MSC Estimates Pass Along Costs From Implementation of EU ETS
Mediterranean Shipping Company (MSC) has become the latest major carrier to advise customers of the potential financial costs that it expects to pass on related to the potential expansion of the European Union Emissions Trading System (EU ETS) to the shipping industry. The world’s largest container carrier acknowledged that the final terms are not resolved but decided to issue a customer advisory. Maersk had issued a briefing for customers on the potential cost if the EU proceeded with its plans.
“As other industries do today, MSC and other ship operators would purchase and surrender ETS emission allowances, or EU Allowances (EUAs), for each ton of CO2 emissions reported under the scope of the system,” MSC explains to customers on the potential impact. “Should the EU fully implement its plans, we anticipate higher operating costs in order to be compliant. We therefore plan to pass on the cost of compliance, as we have done with other forms of environmental regulatory costs in the past.”
MSC recognized that the legislative issues are yet to be resolved noting that the European Commission has proposed a phased-in approach for the shipping industry over the next four years, while the European Parliament has recommended 100 percent application from the start. The geographic scope is also to be resolved as is the price of the EUAs.
The customer advisory sets out costs ranging from a low of approximately $30 per dry FEU to a high of approximately $160. The average forecast for each dry FEU is $85. Similarly, the range for each reefer is between approximately $100 and nearly $500. The average for reefers is approximately $250. The model was developed based on an average EUA price of approximately $90 per ton of CO2 applied at 100 percent.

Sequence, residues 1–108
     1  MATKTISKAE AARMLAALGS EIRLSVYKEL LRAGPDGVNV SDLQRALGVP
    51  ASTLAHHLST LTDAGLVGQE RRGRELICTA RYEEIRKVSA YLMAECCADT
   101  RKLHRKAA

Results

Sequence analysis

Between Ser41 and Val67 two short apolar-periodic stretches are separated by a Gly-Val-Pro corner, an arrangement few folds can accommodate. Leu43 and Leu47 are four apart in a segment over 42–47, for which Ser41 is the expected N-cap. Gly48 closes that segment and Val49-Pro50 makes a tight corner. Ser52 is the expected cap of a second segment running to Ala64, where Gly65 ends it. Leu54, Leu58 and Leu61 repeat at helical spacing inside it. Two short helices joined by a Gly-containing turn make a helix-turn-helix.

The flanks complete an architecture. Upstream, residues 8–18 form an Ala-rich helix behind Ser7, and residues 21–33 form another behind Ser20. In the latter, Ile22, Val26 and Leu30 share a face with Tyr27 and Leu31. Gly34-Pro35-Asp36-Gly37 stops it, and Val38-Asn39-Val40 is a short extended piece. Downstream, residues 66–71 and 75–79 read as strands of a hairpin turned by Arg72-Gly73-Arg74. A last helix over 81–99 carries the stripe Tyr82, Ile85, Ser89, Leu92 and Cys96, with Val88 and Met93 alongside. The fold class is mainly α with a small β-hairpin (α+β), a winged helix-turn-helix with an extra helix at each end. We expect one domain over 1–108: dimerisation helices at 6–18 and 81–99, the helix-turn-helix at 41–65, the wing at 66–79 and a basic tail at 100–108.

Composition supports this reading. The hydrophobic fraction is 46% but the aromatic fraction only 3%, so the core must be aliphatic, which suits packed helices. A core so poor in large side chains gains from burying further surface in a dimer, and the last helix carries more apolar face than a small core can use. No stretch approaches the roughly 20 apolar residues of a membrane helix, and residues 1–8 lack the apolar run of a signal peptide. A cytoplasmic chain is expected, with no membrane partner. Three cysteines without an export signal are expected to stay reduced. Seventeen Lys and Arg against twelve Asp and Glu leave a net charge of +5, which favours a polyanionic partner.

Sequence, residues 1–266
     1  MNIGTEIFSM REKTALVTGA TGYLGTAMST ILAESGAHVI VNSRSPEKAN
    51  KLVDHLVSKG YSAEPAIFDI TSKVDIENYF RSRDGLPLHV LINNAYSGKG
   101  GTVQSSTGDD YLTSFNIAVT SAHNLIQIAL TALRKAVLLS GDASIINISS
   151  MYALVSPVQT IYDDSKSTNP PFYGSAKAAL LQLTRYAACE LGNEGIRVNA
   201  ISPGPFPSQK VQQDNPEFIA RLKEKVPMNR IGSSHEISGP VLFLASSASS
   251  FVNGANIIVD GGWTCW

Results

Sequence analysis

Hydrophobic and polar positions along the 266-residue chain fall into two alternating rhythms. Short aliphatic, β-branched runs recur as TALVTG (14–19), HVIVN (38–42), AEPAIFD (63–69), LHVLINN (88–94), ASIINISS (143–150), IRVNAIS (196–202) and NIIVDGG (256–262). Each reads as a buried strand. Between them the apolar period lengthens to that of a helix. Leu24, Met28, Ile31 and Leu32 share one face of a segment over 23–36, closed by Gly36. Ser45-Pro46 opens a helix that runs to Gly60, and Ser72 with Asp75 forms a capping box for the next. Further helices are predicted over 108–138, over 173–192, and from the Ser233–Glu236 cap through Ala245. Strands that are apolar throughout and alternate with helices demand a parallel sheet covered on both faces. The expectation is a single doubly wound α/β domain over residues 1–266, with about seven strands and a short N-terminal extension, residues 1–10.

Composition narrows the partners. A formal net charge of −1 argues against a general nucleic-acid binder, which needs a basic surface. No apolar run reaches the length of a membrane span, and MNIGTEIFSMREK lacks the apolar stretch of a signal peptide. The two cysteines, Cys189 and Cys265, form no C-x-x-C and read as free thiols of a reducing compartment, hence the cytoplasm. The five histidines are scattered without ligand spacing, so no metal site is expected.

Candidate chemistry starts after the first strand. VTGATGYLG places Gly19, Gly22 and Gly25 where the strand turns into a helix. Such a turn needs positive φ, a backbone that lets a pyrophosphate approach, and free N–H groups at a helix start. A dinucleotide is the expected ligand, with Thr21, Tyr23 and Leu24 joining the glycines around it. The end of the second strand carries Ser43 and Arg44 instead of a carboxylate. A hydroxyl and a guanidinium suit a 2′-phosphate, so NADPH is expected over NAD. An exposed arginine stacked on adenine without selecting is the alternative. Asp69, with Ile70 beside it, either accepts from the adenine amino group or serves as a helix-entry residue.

MSC says it continues to closely monitor developments on the proposal while advising customers of the potential costs and process it intends to follow. “MSC will make calculations beginning on the day the system is introduced by the EU and will review them monthly, based on a benchmark public index for EUA prices. Each trade, comprising a number of MSC services, will have its own charging structure for inbound and outbound cargo to compensate for the new costs from the need to acquire these allowances.”
Maersk also predicted that there would be significant added costs in shipping in a customer advisory issued in July 2022. Also using the assumed cost of $90 per ton of CO2, Maersk set the cost between approximately $100 and $200 based on distance and other factors for dry cargo. The impact on refers they estimated in a range between approximately $150 and $325.
With the rules due to come into effect at the beginning of 2023, both carriers and shippers are left to speculate on the final cost.